Hamstrings are the group of three muscles present at the backside of your thighs. Hamstring injuries occur to all type of athletes and no one is really an exception. Hamstring injuries are extremely painful but minor sprains and tears would heal to normal by its own. However, the recovery of maximum functionality of the hamstrings is principally important for athletes and a careful attention of a trained physiotherapist is necessary to achieve it.
What causes hamstring injuries to occur?
Over stretching is the most common reason why hamstring injuries occur. Super fast running and twisting motions are the major causative factors of hamstring injuries. Runners, jumpers, football players, dancers, skiers, weight lifters, etc. are the most common sufferers of this condition. Lack of appropriate flexibility and poor physical fitness are the common reasons why someone should injure their hamstrings. Venturing into the sports before providing appropriate warm up to the muscles or muscle fatigue could be another reason for hamstring injuries. Hamstring injuries also occur when the level of strength in both hamstrings are different.
What are the symptoms of hamstring injuries?
Hamstring injuries manifest as a surprise while doing heavy and strenuous exercises or while participating in rigorous sports. When the injury occurs you might hear a slight pop sound followed by an immediate onset of mild aching pain in the hamstring. In worst cases, you might experience a sudden catch with bursting pain and fall to the ground. In minor hamstring sprains, the athletes will feel that their hamstring is slowing them down.
How is hamstring injuries diagnosed?
At our sports physiotherapy clinic, you will undergo a thorough evaluation of medical history and detailed physical examination. An accurate description of the events that lead to the condition would be most helpful for our physiotherapists. It is ideal to provide information about your exercise schedules and its intensity and the type of sporting that you participate in.
Hamstring injuries are categorized into three types based on the severity of the injury. If there is no damage to the structure of the hamstrings, it is considered a Grade I injury, which is just a muscle pull. Partial tears are considered to be grade II and grade III injuries are complete tears.
Conservative Physiotherapy for Hamstring Injuries
One of the important reasons why you should treat your hamstring injury with sports physio is because untreated injuries pose a threat of repeat injuries. Recovery time for hamstring injuries in different individuals is different with even minor muscle pulls require 3 to 4 weeks of recovery time. In the beginning of the treatment, we will give our complete attention to recover you from pain and swelling. Resting, icing, keeping the leg elevated and appropriate compression would help you recover from pain swiftly. You may need modified rest under guidance of our physio for at least one week before we can start you on other physiotherapy domains. Anti-inflammatory medications such as NSAIDs may also be used.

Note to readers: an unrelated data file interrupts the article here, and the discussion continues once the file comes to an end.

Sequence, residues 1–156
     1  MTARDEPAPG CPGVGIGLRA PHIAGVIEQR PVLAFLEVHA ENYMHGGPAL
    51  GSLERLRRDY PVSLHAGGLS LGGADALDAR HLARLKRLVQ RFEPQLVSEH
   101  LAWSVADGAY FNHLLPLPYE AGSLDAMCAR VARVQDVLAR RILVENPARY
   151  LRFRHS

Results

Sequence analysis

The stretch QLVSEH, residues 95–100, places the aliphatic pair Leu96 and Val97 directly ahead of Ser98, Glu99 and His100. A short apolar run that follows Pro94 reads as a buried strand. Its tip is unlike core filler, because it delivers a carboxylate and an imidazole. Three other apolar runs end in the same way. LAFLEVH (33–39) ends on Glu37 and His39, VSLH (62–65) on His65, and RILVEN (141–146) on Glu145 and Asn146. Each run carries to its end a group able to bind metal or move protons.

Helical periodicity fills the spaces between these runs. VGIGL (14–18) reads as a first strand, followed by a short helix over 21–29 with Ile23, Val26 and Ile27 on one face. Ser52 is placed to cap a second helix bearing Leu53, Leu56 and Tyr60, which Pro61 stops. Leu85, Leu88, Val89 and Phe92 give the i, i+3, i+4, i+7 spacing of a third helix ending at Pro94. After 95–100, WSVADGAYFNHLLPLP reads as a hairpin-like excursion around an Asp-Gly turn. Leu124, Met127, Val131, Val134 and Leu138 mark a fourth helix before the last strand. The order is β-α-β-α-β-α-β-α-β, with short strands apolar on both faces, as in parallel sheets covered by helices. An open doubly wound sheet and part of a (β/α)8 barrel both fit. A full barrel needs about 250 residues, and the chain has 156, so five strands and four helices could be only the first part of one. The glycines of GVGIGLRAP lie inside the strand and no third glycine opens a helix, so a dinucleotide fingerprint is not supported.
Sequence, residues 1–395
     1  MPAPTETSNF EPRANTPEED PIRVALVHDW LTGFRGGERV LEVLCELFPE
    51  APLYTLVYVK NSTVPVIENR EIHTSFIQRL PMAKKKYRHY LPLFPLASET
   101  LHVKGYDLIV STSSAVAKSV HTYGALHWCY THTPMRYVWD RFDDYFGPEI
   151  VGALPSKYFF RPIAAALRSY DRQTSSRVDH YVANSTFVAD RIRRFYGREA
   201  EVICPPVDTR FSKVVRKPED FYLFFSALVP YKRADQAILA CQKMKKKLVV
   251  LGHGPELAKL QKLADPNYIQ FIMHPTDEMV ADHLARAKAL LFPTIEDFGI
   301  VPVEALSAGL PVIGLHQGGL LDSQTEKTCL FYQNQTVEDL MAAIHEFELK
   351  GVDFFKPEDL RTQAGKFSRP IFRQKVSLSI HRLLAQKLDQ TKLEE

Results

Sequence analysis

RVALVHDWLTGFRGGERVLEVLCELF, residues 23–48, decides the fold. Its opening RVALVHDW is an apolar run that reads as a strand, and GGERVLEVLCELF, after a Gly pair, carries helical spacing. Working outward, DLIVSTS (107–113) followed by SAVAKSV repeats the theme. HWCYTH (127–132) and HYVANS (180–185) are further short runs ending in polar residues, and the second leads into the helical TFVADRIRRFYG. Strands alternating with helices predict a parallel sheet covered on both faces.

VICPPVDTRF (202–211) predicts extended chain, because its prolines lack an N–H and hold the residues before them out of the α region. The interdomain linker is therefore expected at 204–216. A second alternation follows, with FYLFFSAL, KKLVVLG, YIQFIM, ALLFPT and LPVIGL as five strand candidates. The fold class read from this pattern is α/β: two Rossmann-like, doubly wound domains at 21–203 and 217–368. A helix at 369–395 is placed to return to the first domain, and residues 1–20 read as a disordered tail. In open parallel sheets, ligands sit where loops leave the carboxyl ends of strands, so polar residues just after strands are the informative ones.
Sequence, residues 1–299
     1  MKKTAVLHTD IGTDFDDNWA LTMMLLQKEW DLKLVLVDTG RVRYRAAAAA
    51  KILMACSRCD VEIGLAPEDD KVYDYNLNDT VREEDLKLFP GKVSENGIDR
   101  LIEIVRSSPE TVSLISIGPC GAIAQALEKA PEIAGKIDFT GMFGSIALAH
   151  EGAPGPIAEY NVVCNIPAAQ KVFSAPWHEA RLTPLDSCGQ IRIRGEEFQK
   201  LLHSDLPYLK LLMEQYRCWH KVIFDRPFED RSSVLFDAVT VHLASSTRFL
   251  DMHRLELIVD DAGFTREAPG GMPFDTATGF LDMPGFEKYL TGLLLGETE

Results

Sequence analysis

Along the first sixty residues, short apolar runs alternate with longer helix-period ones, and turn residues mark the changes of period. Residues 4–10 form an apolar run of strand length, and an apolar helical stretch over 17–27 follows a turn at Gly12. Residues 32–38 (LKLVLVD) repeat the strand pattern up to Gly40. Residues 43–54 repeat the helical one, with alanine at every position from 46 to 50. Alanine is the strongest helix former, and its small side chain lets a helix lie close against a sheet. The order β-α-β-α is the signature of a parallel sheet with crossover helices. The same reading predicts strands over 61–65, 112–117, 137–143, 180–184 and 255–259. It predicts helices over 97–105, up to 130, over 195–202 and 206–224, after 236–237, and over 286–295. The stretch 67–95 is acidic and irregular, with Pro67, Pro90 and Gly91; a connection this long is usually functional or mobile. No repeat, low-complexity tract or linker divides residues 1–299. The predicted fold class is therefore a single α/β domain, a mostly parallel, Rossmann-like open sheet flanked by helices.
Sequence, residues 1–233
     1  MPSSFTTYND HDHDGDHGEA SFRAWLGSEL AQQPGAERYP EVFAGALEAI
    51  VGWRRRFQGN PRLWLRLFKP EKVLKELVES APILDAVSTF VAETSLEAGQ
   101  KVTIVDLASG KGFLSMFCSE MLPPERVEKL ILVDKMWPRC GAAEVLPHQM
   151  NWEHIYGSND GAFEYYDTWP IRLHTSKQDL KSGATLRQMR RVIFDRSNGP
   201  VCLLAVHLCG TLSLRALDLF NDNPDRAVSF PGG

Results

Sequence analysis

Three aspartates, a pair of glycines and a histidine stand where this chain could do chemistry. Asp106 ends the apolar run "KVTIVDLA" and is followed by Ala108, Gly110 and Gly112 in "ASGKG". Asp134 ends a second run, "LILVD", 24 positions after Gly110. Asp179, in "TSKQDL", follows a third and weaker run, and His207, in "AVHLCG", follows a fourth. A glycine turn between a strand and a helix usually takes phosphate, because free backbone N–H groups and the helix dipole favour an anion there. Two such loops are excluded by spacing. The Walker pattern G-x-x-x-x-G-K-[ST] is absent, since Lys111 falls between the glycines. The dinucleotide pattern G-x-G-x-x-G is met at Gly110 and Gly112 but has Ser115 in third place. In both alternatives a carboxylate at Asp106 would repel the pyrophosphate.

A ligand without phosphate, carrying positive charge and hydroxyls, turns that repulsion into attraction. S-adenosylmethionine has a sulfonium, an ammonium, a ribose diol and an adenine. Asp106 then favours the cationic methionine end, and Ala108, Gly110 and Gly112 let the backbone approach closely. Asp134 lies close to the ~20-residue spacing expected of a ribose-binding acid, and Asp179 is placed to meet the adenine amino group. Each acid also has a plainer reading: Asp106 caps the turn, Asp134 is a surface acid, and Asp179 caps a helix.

Once the hamstrings kick start the healing process, we will also start on stretching and strengthening exercises. It will allow you to build muscles instead of regular scarring. It has to be kept in mind that the recovery from the hamstring injuries are really slow and adherence to the exercise plan is the key to the recovery of full functionality.
We will begin with range of motion exercises and then we will move on to a walking program when you are comfortable with standing up without limping. We will also start on stretching exercises that will prevent repeat injury. Strengthening exercises such as isometric exercises are also part of this program.
It is in our experience that even the most severely injured world-class players return to regular everyday sports after our carefully planned physical therapy program without needing a surgery within four to six months.
How different is physiotherapy after surgery?
Surgeries are required only when there is a complete tear occur. Once the surgery is complete, you may need to spend some time on crutches before the healing process kick in and we would be able to guide as to how to move around using crutches. Once the pain and swelling is minimal, we will start with the regular physiotherapy program as explained earlier. Depending upon the progress you will make, we will include more and more exercise regimens into the plan so that you can regain full functionality within minimal amount of time.
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